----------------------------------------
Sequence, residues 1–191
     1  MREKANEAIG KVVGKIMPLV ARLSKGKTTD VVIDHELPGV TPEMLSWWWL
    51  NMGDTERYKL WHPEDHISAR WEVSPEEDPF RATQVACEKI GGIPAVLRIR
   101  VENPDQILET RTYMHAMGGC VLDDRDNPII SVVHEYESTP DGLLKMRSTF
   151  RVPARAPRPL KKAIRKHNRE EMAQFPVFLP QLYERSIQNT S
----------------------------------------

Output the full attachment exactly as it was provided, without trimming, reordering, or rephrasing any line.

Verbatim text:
Sequence, residues 1–191
     1  MREKANEAIG KVVGKIMPLV ARLSKGKTTD VVIDHELPGV TPEMLSWWWL
    51  NMGDTERYKL WHPEDHISAR WEVSPEEDPF RATQVACEKI GGIPAVLRIR
   101  VENPDQILET RTYMHAMGGC VLDDRDNPII SVVHEYESTP DGLLKMRSTF
   151  RVPARAPRPL KKAIRKHNRE EMAQFPVFLP QLYERSIQNT S